Health

Over 50 people die due to swine flu in just one month

As many as 1,036 people have tested positive between January 1 and 17, 2019 in Rajasthan, while 40 have died, according to sources in the state’s health dept

 
By Banjot Kaur
Last Updated: Friday 18 January 2019
Representational Image. Credit: Getty Images

Even as the Rajasthan government is scrambling to prevent the spread of swine flu, it seems far from contained. As many as 1,036 people have tested positive between January 1 and 17, 2019, while 40 have died from the disease, according to sources in the state’s health department.

In fact, on just one day—January 17, 2019—as many as 65 people tested positive, while one died due to the disease. A total of 58 people have died due to the disease across the country in just January this year.

According to Union Health and Family Welfare Ministry’s Integrated Disease Surveillance Project (IDSP), as many as 2,375 people contracted swine flu in 2018, while 221 people died the same year. In 2017, this figure stood at 3,619 people testing positive with 279 people dying due to the disease.

Down To Earth reached out to state epidemiologist Deepa Meena to understand why Rajasthan was registering such high number of cases. “The state sees high inflow of tourists and the temperature also plays a key role. Diagnostic facilities are available in all the government hospitals. Therefore, the detection rate is very high,” she says.

Meena refuses to assign any other scientific reason for the same. However, some research papers do point out that swine flu (also referred to as Influenza A or H1N1) cases may rise due to dry and cold conditions.

Rajasthan, as DTE reported earlier, was set to witness a peak in H1N1 flu cases as the India Meteorological Department (IMD) had declared cold wave conditions, with temperatures dipping to 2°Celsius in the state. Besides, Rajasthan had received 93 per cent less rainfall than normal after the end of the southwest monsoon between October 1 and December 23, 2018.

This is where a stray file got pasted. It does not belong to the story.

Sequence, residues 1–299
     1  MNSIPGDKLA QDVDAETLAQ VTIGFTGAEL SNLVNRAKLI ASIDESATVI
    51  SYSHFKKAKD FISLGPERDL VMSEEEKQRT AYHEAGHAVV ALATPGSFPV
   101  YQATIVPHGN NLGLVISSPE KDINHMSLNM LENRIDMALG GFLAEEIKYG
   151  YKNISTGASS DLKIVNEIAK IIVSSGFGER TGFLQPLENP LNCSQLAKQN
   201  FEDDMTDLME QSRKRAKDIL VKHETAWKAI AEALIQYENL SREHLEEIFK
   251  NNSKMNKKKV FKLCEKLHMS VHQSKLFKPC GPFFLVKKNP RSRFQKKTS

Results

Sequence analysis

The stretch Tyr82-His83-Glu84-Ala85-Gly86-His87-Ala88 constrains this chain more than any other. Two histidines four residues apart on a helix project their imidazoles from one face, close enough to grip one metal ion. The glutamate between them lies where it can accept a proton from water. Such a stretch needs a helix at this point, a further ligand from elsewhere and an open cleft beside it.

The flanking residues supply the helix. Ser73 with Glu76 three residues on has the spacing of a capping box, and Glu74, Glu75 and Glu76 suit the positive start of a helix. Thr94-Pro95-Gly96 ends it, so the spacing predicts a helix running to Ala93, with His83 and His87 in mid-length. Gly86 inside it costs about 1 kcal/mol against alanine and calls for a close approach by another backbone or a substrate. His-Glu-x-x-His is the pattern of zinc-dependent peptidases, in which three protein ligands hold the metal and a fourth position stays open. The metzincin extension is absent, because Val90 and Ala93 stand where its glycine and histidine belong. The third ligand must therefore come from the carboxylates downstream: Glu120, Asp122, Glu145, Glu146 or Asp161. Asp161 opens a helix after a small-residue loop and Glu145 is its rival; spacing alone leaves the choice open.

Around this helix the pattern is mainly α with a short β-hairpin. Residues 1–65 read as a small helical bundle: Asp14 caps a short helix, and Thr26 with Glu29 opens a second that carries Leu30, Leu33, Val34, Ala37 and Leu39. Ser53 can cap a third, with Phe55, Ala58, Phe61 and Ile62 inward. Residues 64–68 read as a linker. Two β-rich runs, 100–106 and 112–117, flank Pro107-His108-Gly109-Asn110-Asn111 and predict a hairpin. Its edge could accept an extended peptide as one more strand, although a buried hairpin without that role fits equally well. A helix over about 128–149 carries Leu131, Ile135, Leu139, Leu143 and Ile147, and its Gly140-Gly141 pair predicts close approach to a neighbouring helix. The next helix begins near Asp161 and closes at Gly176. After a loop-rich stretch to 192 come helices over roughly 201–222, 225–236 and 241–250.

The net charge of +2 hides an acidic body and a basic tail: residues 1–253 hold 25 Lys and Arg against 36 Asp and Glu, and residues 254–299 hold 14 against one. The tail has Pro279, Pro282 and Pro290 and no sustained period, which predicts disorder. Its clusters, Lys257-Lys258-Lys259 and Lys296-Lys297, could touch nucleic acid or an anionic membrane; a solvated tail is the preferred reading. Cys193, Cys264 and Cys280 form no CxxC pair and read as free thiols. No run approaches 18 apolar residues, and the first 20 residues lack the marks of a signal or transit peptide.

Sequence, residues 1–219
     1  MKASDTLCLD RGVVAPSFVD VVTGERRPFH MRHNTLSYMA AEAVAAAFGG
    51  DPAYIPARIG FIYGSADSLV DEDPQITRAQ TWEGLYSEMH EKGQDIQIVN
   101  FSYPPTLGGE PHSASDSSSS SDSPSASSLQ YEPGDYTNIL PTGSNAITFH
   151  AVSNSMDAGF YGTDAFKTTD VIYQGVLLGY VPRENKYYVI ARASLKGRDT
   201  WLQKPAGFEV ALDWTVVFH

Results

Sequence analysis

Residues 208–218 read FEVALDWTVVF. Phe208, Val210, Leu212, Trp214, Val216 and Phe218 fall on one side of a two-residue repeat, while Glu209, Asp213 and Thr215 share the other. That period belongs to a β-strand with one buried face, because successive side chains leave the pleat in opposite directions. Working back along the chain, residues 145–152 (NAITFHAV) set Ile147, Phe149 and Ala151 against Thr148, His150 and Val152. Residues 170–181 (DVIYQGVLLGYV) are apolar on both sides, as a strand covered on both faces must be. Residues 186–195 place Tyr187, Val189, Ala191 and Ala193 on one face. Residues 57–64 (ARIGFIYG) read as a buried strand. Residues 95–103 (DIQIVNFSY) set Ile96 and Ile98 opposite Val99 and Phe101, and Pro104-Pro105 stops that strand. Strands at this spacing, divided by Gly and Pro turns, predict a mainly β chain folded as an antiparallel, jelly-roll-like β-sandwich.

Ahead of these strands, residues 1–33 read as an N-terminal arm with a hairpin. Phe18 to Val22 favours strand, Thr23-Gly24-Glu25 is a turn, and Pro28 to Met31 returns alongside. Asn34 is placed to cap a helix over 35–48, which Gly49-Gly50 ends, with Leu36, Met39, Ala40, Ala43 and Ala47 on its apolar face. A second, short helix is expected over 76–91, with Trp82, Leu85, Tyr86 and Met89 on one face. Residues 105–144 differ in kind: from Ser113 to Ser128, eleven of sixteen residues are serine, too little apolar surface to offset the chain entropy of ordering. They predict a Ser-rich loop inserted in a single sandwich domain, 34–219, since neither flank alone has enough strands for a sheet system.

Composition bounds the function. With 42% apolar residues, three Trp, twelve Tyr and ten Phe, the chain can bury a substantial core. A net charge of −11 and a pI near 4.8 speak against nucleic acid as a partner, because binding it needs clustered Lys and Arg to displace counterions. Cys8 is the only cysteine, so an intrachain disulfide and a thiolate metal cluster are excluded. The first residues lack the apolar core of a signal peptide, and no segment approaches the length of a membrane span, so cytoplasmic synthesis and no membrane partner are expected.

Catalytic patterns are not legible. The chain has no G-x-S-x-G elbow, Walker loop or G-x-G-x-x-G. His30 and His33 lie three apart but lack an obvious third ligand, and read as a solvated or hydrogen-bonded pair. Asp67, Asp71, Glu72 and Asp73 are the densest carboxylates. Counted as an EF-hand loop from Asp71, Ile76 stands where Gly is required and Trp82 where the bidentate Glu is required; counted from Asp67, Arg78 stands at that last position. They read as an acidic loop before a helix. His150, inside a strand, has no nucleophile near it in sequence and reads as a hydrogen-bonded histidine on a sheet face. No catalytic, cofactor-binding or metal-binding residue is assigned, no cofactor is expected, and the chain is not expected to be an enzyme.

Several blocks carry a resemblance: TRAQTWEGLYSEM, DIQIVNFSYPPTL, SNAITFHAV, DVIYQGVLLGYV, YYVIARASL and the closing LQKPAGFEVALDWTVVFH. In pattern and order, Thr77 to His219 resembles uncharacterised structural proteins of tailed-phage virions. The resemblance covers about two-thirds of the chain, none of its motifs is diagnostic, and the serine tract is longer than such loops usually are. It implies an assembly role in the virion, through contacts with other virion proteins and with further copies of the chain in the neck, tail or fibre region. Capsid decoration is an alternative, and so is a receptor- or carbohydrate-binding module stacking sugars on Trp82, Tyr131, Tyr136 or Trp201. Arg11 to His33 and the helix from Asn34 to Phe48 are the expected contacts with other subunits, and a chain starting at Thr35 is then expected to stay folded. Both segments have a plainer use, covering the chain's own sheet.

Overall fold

According to a research paper titled, ‘An epidemiological study of recent outbreak of Influenza A H1N1 (Swine Flu) in Western Rajasthan region of India,’ published in 2013, the state has always witnessed a peak in the cases, starting from September till the month of January. The number of cases usually go down by the end of February.

This year, like the previous ones, Jaipur and Jodhpur divisions bore majority of the brunt.  While Jodhpur registered 260 cases and 16 deaths this month, Jaipur registered 401 cases with four deaths.

Jaipur Chief Medical Officer Narottam Sharma says, “It’s simply a ‘droplet infection’ and therefore it spreads very fast. So, places where population density is high, such as Jaipur, the number of cases are bound to be high.” 

He adds that besides one government medical college and hospital, all 33 community health centres and over 300 primary health centres now have an isolation ward with adequate stock of medicines.

Massive awareness campaigns and door-to-door tracking of the patients is also going on in full swing. Further, the state government has cancelled leaves to doctors due to the spurt in cases.

Meanwhile, the second highest number of cases were registered in Gujarat with 210 testing positive in January, 2019.

Status of cases between January 1-13, 2019

State

No of cases

Delhi

168 (0)

Gujarat

210 (0)

Haryana

128 (2)

Jammu and Kashmir

31 (5)

Kerala

54 (2)

Punjab

46 (6)

Telangana

109 (0)

Uttarakhand

2 (1)

Uttar Pradesh

34 (1)

Himachal Pradesh

8 (1)

Source: IDSP (figures in brackets indicate death)

The common symptoms of the disease include fever, cough, sore throat, breathlessness and bodyache. “Patients reach out to doctors very late despite having these symptoms. One should avoid self medication if one is harbouring such symptoms, especially those living in areas which are recording high number of cases,” says Sharma.

To keep the disease at bay, people living in affected areas should avoid crowded places and using contaminated tissues. The disease can spread through person to person contact, inhalation of contaminated droplets floating in the air, etc. Isolating infected patients and drinking plenty of fluids is an absolute must, adds Sharma.

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